Despite the billboards and bubbler of attention for cannabis businesses, Tyler Autera, the co-founder and COO at Cannalysis, thinks it is one of the hardest times to grow a startup within the industry.
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“Regulation and compliance has brought on, in most cases, the need for larger amounts of capital from the start, which can be more difficult to come by,” he told Crunchbase News. “Expenses are higher for legal, licensing and compliance work that is now needed at the onset.”
Regardless, those complexities have brought more mature investment options.
“In the early days, [cannabis investment] was mostly angel investors/high net-worth individuals, small family offices, and small cannabis-specific VC funds,” Autera said. “Now, you see larger and more sophisticated players: large established VCs and institutional capital, coming into the space.” It means there are less people willing to make riskier investments, he added.
In this piece, we’ll get into Autera’s claim of how the investment scene is maturing, and see how that impacts the ever-changing intersection of cannabis and technology.
A Budding Industry
As Savannah Dowling pointed out in our last pulsecheck on this greening industry, a cannabis company isn’t just one that handles the flower or bud; it’s the auxiliary businesses as well. Those include ventures that help with transportation, packaging, regulations, and more. For example, Cannalysis is an accredited cannabis testing facility.
With that nuance out of the way, let’s dive into the numbers.
According to Crunchbase data, funding for cannabis companies has slowed down dramatically from some super giant rounds from 2018. Deal size has also decreased significantly. It is notable that private market reporting lags may account for the quarter-over-quarter decline.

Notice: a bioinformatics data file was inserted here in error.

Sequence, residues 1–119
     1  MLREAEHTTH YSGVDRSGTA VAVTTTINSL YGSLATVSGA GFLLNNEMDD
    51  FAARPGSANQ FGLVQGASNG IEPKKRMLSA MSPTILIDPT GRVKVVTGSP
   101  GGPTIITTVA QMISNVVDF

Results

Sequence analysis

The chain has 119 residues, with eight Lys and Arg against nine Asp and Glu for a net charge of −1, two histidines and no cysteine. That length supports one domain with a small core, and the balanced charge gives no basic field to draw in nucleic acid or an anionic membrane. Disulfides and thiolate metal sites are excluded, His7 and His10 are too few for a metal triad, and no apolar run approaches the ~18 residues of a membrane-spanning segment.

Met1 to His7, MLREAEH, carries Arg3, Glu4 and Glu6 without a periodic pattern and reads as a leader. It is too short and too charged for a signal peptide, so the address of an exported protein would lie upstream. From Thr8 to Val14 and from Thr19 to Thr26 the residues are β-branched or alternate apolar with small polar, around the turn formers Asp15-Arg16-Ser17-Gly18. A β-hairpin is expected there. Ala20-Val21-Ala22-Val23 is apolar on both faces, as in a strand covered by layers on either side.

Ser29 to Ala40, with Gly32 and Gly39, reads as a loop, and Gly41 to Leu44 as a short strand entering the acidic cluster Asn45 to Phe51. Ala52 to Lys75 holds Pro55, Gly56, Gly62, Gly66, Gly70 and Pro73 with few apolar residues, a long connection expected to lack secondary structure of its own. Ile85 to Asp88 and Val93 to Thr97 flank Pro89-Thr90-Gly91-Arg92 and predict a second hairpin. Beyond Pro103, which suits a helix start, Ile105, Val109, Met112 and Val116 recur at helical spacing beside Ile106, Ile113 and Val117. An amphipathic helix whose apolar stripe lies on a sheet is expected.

But for a second, let’s turn back to Autera’s point about the rise of cannabis-specific funds. His company raised a $22.6 million Series A from CanLab after fundraising for eight months. He said that beyond capital, the company wanted an investor that “would be in our corner” as the cannabis industry grows and evolves.
It’s worth noting that Snoop Dogg’s venture capital firm led the $1 million seed round in Cannalysis, reports Business Insider.
Another investment fund that popped up recently is Vice Ventures. You can probably guess its focus from the title, but if not, it’s a $25 million fund to invest in untraditional verticals. Cannabis fits into that focus.
Vice Ventures, led by Catharine Dockery, is backed by Marc Andresseen and Bradley Tusk. Back then, we caught up with Kerin Law, the chief scientific officer of LeafWorks, which verifies cannabis products to make sure they are safe using DNA testing.
LeafWorks and Cannalysis are in a sector with blossoming interest; seven recent cases involving hospitalization have been directly linked to “cannabis cartridges purchased from unlicensed pop-up markets,” according to Leafly, a cannabis news website.
Akerna Corp., a publicly traded cannabis company, has even teamed up with an anti-counterfeiting technology company, solo sciences, to protect consumer safety.
“You’re making a good investment because you’re able to get into the cannabis space [through] a genetic test, [and] you’re not facing as much federal scrutiny or uncertainty if you were a plant-touching company,” she told us.
A Greening Path Forward
Torian Capital’s David Kutcher told me that while “risk is inherently higher” if you deal directly with the flower, without companies that do it, “there is no cannabis industry at all.”
Torian Capital is a private equity firm that invests in cannabis companies; the firm claims it is the largest “cannabis-only Private Equity Firm” and has provided more than $300 million to emerging cannabis companies.
“While [auxiliary businesses] may be the first to take advantage of growing interest from outside the industry in funding..there is also the risk that more established companies outside the industry enter their specific market area,” which adds competition, he told Crunchbase News.
When reviewing deals, the firm expects portfolio companies to have a basic plan of execution, but beyond that, they also need a core understanding of cannabis regulations on a state by state basis.
Growing pains, especially as an industry matures, are common. Thankfully a little green can go a long way.
Illustration: Li-Anne Dias